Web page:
Is your business ready for a social media crisis?

Are you wondering what you should do if you or a colleague makes an embarrassing public mistake?

To learn how to handle a social media crisis, I interview Gini Dietrich for this episode of the Social Media Marketing podcast.

More About This Show

Social Media Marketing Podcast w/ Michael Stelzner

The Social Media Marketing podcast is a show from Social Media Examiner.

It’s designed to help busy marketers and business owners discover what works with social media marketing.

The show format is on-demand talk radio (also known as podcasting).

In this episode, I interview Gini Dietrich, author of the brand-new book, Spin Sucks: Communication and Reputation Management in the Digital Age, and founder of the blog Spin Sucks. She runs Arment Dietrich, a PR agency.

Gini shares common mistakes businesses make when facing a crisis, and the best ways to deal with these situations when they happen.

You’ll discover the first steps you need to take, how to handle the situation throughout and when to seek legal advice.

Share your feedback, read the show notes and get the links mentioned in this episode below!

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You can also subscribe via iTunes, RSS, Stitcher, SoundCloud or Blackberry.

Here are some of the things you’ll discover in this show:

Crisis Management

What happened with Applebee’s and the challenges they faced

Gini explains how approximately 2 years ago, a waitress at an Applebee’s in St. Louis left a check at a table that included an automatic gratuity of 18%. When she returned to collect the check, the customer had crossed out the 18% and had written, “I give God 10%, why do you get 18%?” The customer left a 10% tip instead.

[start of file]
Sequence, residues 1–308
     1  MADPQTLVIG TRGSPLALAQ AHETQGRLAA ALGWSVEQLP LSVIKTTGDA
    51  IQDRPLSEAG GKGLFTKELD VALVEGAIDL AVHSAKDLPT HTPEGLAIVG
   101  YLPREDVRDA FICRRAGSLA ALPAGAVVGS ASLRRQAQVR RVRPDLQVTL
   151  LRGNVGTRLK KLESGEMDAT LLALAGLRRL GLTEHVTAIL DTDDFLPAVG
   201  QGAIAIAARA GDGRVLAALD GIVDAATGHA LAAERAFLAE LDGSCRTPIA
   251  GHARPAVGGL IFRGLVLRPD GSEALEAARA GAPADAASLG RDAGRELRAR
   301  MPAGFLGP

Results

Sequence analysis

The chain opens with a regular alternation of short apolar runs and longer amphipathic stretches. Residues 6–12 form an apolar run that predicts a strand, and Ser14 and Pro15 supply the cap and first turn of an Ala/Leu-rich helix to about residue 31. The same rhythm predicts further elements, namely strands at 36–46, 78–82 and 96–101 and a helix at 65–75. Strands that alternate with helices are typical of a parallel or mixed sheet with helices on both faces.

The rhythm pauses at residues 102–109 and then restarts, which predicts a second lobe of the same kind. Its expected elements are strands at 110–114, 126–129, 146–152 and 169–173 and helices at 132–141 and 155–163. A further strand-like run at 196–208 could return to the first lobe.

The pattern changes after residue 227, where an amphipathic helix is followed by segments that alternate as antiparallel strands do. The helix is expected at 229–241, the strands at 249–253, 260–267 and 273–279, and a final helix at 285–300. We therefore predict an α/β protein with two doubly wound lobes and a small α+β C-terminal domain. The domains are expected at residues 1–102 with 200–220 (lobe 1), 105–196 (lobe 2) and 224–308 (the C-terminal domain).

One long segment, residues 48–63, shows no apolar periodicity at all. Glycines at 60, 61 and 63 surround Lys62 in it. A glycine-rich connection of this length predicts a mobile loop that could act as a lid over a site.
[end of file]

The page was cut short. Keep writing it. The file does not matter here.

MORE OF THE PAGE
One of the waitress’ friends took a photo of the receipt, which included the customer’s name, and posted it on Reddit. This led to it going viral and the whole world saw it.

Applebee’s response was that they were going to fire the waitress and her friend, because it was against their policy to show pictures or talk about customers. Especially when a name is included.

What happened next on Applebee’s Facebook page added fuel to the fire.

applebees facebook page

Applebee’s didn’t handle the situation well on their Facebook page.

Applebee’s replied to every person’s comment on Facebook with a canned PR response. You’ll hear what the response included.

applebees facebook feedback

Applebee’s customers were in an uproar.

People didn’t take kindly to the way Applebee’s handled the situation, and started to dig deep on the Internet. Pictures were discovered that had been posted with good customer feedback on their Facebook page. Although these pictures included the customer’s name, nobody got fired for it. A Facebook page was then started to try to get the waitress’ job back.